Three reasons why hiring an attorney to handle your appeal may have advantages you had not considered

Disadvantages

Suppose you are appealing the denial of your insurance benefits. In that case, there is a greater chance that you will end up in litigation with the insurance company. That is simply a fact. Of course, a well-presented appeal makes litigation less likely, but it still happens. After all, it is difficult to convince an insurance company that its denial was wrong and that it needs to pay your claim.

When faced with appealing the denial of your insurance claim, you can do the appeal yourself, hire an attorney, or hire a non-attorney advocate.

Each has advantages and disadvantages. However, a recent deposition experience highlighted three advantages to hiring an attorney during the appeal process that do not present themselves until litigation.

What was that experience? Before hiring Kantor and Kantor, our client hired a non-attorney advocate to appeal the denial of their life insurance claim. The appeal was not successful. Since the non-attorney advocate was just that, not an attorney, they needed an attorney if they wanted to continue to pursue the claim. That is when Kantor and Kantor got involved.

Kantor and Kantor filed a lawsuit, and discovery commenced. Part of the discovery conducted by the insurance company was taking the deposition of the non-attorney advocate. During the deposition, the non-attorney advocate went out of their way to say the client’s claim had no merit and that our client had lied to them. Our client had not lied to them.

What the non-attorney advocate was doing was defending themselves at the expense of the client. Moreover, the non-attorney “conveniently” had lost all of the documentation that might have supported our client’s claim.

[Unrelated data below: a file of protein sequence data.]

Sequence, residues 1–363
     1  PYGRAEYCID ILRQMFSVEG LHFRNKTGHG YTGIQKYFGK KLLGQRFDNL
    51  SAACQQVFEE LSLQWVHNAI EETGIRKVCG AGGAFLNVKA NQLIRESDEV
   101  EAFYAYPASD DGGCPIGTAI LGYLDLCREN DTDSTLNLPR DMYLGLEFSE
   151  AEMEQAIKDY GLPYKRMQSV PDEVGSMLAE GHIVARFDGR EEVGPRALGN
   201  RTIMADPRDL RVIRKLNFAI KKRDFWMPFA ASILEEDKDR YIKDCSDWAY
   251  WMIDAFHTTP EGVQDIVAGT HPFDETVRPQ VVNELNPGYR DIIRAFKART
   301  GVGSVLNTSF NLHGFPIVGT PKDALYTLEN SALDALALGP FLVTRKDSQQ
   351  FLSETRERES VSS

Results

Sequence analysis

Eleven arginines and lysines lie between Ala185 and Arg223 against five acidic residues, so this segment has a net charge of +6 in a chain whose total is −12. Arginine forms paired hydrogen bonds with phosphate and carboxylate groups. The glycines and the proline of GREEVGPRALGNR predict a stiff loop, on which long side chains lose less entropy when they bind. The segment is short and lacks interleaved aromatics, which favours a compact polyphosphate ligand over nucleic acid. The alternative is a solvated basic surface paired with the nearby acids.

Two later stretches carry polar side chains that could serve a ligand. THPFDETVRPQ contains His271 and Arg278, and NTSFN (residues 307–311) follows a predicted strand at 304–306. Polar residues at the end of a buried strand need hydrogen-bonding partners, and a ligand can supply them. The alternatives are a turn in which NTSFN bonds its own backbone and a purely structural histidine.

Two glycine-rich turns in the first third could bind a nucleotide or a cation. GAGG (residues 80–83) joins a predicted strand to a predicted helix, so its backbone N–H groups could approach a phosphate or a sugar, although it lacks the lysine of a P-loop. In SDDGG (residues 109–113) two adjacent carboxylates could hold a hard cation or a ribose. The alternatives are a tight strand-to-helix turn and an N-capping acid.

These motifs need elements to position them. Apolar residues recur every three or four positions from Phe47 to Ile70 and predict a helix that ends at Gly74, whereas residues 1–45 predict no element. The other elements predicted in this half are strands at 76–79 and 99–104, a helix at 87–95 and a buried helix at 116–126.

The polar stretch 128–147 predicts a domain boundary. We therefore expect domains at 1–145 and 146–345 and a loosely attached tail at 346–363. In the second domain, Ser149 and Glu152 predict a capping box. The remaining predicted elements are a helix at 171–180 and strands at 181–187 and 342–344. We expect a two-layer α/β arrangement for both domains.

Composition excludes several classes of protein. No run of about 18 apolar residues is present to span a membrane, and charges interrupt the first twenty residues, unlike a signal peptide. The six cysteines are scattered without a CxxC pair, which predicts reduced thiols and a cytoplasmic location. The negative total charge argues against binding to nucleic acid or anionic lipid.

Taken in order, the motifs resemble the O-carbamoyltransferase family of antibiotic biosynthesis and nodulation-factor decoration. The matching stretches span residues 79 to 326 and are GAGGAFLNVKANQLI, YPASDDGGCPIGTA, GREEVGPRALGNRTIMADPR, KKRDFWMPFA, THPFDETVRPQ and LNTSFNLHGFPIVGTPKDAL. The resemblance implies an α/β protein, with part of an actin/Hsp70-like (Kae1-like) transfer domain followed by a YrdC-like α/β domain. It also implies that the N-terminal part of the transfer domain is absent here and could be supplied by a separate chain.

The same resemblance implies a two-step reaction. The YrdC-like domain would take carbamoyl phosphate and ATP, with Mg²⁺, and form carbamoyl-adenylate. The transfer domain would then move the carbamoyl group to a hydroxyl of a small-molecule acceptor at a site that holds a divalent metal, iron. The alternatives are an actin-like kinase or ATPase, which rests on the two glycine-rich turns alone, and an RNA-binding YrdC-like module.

Three things became apparent, unlike an attorney, a non-attorney advocate does not (1) owe the client a continuing duty of loyalty, (2) have the ability to assert attorney-client and work product privileges, and (3) have a duty to maintain records.

While this situation may be the exception that proves the rule, these three items can become necessary if your appeal is not successful and litigation ensues. It is easy to understand the importance of a continuing duty of loyalty. After all, an attorney will not testify that your claim should not be paid.

Having open and frank conversations during your appeal without fear that those conversations will be used against you during litigation may not cross your mind. You also may not think about being called a liar at some point in the future when your interests and your advocate’s interests may diverge. However, without the ability to assert your attorney-client privilege, this can happen. And only attorneys carry this privilege.

Similarly, it seems evident that your records will be maintained, but a non-attorney has no obligation to do that. An attorney does. So, if it is crucial to have a record of your appeal, having hired an attorney to handle your appeal provides you with that extra protection.

These advantages certainly do not come up in every case. However, the future is not known. Suppose you are thinking about whether to hire an attorney or a non-attorney advocate to help you appeal the denial of your insurance claim. In that case, these three items should be part of your decision-making process.

Our law firm provides free consultations. If you are involved in an insurance dispute over a claim, that is the best time to contact an insurance attorney and learn if you have a case. Call our law firm today or fill out this contact form and one of our team members will be glad to speak with you.

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